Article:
|Axolotl (Ambystoma mexicanum)|
I can remember sitting in year 11 biology, way back when, learning about metamorphosis in amphibians. We had a tank in the classroom that had some rather sizable axolotls in it, and I can remember having my mind blown when I was informed that they were effectively stuck half way through metamorphosis. They had limbs like an adult frog or salamander; however, they still had gills much like tadpoles did. So it seemed to me like they were caught in limbo.
For adaptation to a water phase, prolactin is the required hormone, and for adaptation to the land phase, thyroxin. External gills do not return in subsequent aquatic phases because these are completely absorbed upon leaving the water for the first time.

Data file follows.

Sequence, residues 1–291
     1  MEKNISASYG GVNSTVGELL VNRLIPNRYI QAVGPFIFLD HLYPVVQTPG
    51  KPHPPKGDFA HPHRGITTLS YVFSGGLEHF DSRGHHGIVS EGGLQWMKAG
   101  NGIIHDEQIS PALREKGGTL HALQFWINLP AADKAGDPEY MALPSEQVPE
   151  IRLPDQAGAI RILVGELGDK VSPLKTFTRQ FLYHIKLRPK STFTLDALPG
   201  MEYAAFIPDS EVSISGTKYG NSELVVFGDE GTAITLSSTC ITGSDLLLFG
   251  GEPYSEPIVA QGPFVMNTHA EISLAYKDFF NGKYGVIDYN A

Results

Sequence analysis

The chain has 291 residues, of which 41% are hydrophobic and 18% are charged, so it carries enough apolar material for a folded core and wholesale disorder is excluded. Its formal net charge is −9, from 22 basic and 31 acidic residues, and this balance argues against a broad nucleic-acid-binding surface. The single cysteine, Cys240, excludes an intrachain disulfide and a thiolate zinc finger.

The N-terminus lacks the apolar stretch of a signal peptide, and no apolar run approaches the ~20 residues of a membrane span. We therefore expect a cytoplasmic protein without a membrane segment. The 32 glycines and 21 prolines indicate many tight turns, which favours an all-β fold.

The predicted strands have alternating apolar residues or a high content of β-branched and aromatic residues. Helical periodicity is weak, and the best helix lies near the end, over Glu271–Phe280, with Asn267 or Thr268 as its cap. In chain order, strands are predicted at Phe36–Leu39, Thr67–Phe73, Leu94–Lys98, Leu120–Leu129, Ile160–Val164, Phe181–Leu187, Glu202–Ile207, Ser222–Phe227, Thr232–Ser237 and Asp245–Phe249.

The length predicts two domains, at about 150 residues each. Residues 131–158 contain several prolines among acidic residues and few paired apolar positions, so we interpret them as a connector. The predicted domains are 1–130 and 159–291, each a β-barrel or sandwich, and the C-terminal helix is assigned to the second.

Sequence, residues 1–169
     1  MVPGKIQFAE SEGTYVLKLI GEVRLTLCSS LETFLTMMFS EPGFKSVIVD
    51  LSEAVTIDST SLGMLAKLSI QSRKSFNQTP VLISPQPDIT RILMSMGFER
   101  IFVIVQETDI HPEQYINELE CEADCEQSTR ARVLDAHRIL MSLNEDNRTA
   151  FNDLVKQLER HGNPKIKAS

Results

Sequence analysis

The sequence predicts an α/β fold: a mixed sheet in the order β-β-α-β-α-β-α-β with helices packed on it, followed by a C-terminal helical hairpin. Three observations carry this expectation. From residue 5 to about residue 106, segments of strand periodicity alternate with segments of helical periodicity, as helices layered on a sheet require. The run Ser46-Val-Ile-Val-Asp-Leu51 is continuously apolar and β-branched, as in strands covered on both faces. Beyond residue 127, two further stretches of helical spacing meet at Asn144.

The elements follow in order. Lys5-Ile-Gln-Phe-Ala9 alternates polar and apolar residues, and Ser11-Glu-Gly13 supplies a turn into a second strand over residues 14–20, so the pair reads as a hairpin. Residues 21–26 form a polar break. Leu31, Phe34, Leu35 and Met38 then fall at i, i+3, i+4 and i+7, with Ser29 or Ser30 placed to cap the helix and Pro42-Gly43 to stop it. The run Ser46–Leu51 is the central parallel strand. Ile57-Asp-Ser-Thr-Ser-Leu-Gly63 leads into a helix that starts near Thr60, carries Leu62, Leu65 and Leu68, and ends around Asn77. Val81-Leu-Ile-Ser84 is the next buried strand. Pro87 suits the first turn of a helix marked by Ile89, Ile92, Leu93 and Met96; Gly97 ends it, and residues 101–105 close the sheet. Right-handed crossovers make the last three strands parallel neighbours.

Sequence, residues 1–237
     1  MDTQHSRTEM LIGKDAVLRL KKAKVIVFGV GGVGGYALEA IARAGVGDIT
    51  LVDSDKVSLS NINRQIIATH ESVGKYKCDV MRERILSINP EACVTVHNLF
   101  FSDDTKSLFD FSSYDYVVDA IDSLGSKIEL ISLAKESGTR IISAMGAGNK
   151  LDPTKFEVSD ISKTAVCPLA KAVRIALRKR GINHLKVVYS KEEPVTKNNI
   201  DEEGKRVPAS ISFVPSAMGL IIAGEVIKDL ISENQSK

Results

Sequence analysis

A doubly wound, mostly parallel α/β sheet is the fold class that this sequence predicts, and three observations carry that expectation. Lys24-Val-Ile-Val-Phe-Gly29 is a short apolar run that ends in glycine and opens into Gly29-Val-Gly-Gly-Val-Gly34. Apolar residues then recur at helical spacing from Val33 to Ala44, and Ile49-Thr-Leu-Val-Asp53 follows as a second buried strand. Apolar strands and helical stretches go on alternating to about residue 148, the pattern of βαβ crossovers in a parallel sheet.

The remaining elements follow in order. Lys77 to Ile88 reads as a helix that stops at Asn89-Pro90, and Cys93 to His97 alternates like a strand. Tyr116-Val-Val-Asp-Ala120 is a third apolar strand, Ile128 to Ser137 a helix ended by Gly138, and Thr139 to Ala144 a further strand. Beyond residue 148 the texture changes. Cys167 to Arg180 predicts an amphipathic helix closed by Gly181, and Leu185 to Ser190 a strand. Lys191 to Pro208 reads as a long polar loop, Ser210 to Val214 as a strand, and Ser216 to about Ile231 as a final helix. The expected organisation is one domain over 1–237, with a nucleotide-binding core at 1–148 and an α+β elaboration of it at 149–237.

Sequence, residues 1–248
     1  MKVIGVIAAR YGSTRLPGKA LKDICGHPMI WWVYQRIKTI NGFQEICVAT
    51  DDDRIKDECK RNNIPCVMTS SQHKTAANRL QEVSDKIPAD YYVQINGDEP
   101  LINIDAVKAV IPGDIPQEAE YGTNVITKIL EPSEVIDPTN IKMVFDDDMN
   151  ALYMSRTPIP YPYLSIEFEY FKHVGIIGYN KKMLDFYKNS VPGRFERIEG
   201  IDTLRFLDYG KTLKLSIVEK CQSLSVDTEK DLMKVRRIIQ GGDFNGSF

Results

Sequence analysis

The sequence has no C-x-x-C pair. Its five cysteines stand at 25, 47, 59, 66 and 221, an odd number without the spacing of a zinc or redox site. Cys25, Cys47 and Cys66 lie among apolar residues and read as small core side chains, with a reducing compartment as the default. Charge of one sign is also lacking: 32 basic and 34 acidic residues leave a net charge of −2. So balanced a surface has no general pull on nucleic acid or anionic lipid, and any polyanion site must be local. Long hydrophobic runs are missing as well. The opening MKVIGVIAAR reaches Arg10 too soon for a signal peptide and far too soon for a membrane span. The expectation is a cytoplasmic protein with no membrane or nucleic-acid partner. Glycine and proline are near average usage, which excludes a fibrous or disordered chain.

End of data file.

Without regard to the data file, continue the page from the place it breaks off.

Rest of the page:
Conclusions: Axolotls were selected to become neotenic, so if you want a terrestrial salamander don't get an axolotl and torture it to become one through water deprivation or injections with his only reward being the prospect of a severely shortened life. Buy a different species...